It is easy to forget the world beyond Duke’s County living on this Island. It is one of the reasons many of us remain here, loving the way the ferry ride cuts off the city and all of its ties in the slow float toward Martha’s Vineyard. And similarly, everything that consumes us here, it seems to drip away by the time I reach Woods Hole.
This year was both a blessing and a curse, my work weaving in and out of urban scenes to speak out against rape, equip communities with tools to cope with current and past traumas, and standing up for community solidarity in times of violence. The return to the Island after each work trip sometimes felt like wrapping myself in a cocoon, and other times it was challenging, as if the issues, the world, the whole of the life I led elsewhere had altogether died and disappeared.
People often ask why I live here, why I endure the chopping off of the urban world, the solidarity of activism in groups, the witnesses to my work and my words that I get when I do a gig in a big city. I often give a cardboard answer, something dry and two dimensional. I can’t easily explain the joy I get from hearing Delaney sing with Johnny Hoy and the Bluefish, or Allison Roberts’ smoky blues, or what it’s like on a Friday morning at Mott’s — that American cheese gushing, the greetings, like clockwork, offered from the men at Against the Grain Cabinet Makers and others. Izzy at the Scottish Bakehouse and her deep sarcasm and witness, the lovely ladies of Morrice Florist, Sam’s love and care at the Art Cliff counter, and Jefferson at the Larder, glowing bright regardless of the weather.
This year was storms and ice and wind, it was the loss of Jon Harris and Jack Clark and Tobias Shepherd, it was the end of Martha Fleishman and Peter Simon and Trina Kingsbury and so many countless others that were part of the fabric of this Island for decades. In the turn of this year’s American tides there was wildfire, over and over, and bloodshed, in groups, and we were all implicated in national violations of human rights, hands seemingly tied, horrified.
To make the choice every week, as so many did this year through the fire this country breathed — from Kavanaugh to the moral atrocity of incarcerating small children, from facing the real live wounds of murder to listening to government voices sanctioning the violation of women’s bodies, the slaughter of black and brown Americans — to choose not to go numb, not to close eyes, not to give up on a moral compass that values human life, equal rights, and standing up, over and over again for those rights in the face of systematized hatred requires fortification and rooting.
This Island has nursed, loved, revived, and held us through this emotional and trying year of being alive, where the things we trust and cherish are thrown into question, where we no longer have the luxury of outsourcing moral goodness to the White House — where we have been forced to step up ourselves, time and time again. These moments, like how it feels to hug Sian in the bread aisle at Cronig’s, or to see Primo by the vegetables, keeping us all aware of the teetering fragility of the lives around us, and the strength we all retain — these moments fortify.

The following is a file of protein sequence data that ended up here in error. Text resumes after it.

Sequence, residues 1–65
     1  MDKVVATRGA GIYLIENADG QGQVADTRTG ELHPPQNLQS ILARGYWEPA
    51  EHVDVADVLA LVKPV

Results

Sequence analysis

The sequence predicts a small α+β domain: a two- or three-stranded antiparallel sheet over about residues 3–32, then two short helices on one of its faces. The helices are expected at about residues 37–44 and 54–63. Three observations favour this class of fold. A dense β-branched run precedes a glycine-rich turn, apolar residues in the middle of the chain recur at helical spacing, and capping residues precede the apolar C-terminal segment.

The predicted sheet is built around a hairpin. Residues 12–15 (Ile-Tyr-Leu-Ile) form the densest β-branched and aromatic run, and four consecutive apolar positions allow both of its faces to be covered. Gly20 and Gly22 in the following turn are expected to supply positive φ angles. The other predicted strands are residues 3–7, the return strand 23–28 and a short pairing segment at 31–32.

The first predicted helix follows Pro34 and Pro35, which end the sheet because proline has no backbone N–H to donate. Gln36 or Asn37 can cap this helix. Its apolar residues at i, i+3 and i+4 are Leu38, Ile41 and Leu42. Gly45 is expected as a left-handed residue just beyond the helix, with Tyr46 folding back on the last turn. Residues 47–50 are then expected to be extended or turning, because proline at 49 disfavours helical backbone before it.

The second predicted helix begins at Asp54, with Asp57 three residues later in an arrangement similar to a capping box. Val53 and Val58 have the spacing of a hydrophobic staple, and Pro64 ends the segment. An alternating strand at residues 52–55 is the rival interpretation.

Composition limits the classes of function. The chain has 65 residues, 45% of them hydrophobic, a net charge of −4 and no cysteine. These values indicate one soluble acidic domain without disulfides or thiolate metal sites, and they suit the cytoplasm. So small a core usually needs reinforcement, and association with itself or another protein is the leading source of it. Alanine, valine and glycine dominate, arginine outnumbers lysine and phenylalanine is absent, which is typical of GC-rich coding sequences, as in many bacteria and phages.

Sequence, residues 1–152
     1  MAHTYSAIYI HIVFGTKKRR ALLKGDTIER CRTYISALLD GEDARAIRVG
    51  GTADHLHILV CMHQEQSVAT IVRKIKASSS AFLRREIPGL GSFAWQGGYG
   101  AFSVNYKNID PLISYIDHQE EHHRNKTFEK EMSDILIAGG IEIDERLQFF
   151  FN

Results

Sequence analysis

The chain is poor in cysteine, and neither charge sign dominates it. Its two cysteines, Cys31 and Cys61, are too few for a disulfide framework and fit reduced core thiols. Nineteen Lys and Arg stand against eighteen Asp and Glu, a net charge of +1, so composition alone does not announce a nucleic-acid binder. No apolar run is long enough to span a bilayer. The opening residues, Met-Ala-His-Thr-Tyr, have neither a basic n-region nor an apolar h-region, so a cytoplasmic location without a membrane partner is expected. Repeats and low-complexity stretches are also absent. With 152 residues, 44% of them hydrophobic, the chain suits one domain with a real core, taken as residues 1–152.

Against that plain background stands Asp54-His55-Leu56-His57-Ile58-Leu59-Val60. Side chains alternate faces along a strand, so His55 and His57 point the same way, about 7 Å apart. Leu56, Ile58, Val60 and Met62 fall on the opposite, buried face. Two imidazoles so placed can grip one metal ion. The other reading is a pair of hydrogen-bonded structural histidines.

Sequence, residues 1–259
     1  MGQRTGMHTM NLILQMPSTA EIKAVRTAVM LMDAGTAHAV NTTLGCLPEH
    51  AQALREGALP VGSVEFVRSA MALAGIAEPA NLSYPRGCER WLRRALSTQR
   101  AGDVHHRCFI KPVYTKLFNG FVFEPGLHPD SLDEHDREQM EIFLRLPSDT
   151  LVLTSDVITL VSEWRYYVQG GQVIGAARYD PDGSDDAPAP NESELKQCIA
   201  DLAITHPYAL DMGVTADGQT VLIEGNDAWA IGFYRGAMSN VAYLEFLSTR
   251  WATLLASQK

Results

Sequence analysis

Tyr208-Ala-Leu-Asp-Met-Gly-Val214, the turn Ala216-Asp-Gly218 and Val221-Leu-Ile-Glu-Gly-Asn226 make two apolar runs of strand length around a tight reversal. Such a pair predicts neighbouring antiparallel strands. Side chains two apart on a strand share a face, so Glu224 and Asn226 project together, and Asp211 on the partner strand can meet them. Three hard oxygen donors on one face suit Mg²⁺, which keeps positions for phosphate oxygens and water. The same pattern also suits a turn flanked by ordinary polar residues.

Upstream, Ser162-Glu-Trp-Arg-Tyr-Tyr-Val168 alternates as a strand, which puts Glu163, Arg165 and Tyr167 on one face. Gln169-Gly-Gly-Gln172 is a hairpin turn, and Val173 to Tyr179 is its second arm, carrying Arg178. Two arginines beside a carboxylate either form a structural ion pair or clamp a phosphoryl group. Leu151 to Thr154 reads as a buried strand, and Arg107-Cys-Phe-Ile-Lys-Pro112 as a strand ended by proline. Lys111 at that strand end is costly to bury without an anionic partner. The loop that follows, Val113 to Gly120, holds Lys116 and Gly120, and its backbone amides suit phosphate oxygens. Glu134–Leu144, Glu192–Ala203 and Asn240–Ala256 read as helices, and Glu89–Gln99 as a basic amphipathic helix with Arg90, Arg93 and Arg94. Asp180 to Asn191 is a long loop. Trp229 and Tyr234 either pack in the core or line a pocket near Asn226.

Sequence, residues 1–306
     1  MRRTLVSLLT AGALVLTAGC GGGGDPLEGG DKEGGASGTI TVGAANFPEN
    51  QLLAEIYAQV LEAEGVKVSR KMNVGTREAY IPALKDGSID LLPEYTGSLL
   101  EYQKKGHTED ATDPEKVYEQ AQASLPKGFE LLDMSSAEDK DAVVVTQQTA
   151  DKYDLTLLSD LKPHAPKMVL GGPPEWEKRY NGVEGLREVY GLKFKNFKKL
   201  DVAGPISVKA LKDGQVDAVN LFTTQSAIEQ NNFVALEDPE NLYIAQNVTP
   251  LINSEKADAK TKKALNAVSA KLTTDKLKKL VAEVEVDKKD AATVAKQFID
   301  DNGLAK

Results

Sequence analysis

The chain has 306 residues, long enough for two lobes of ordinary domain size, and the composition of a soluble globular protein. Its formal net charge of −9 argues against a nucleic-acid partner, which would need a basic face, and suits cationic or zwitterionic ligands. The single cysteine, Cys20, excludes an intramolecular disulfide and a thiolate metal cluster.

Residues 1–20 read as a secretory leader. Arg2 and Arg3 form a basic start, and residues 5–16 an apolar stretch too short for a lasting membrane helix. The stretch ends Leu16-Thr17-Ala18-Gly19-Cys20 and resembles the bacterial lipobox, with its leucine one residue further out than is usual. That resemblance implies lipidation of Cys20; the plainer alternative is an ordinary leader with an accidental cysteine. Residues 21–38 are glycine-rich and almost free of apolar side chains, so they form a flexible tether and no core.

These moments of living in the Island community are reminders of what it means to love and be loved, even in passing, even in brief moments of care. From the steady and brilliant presence of our librarians to those who pump the gas, they take away the sting and bite of human degradation, of shootings en masse, of swastikas and “die Jew rats” signs. On a good day the bite of the world is softened here — not forgotten — but softened and not just by the boat ride or the glory of Lucy Vincent, because somehow down our dirt roads and shut in by the fires in our hobbit homes come winter, we are still reminded in these passing encounters that we are not alone.
Tall women made gorgeous babies this year, and tall men garnished weddings with gorgeous flowers and this Island continued, despite horrors immeasurable, to tick, to honor the earth, and to choose community in small ways that beg repeating. Nothing shook those values, not even the hot wind of anti-Semitism, nor the hell-freezing-over new, and old, reality of racism and xenophobia in our midst.
I believe here on this Island, when we choose to, we do love differently. And for that, I am grateful. For this reason, I don’t stop watching the world as it all but crumbles. I remain inspired by We Stand Together/Estamos Todos Juntos and their diligent weekly meetings, and by the Rev. Cathlin Baker and Rabbi Caryn Broitman’s united front against racism in their teachings to Island youth, and the challah baked on Wampanoag land at the great Juli Vanderhoop’s Orange Peel Bakery.
Melanie Englert’s restaurant reviews on Islanders Talk, Nancy Aronie’s home glowing from the side of the road to Aquinnah, the simple act of hearing Kate Taylor’s or Jemima James’s voice in song, or Kimberly Cartwright’s Ancestral Healing workshops that plunge us safely into the depths of knowing — this Island is rich. And not for the summer 1 percent, but for this nest of care that winter offers, for this place that allows room to let go, to fall down, to tear into the indulgence of brutal emotions, fortifying all of us to face the tasks of stopping rape, ending the opioid epidemic, standing up vehemently against racism and bigotry, coping with the aftereffects of genocide, and the current effects of the tyranny of ICE, and allowing LGBTQ inclusion in otherwise separatist worlds.
This list of people and care is just mine, and just the tip of the iceberg in my small corner of this vast Island. Everyone has a list and every list is different. It’s what makes a small place enormous.
In 2019 I will not turn a blind eye, and I will have the strength to do so in part because of how this great Island loves.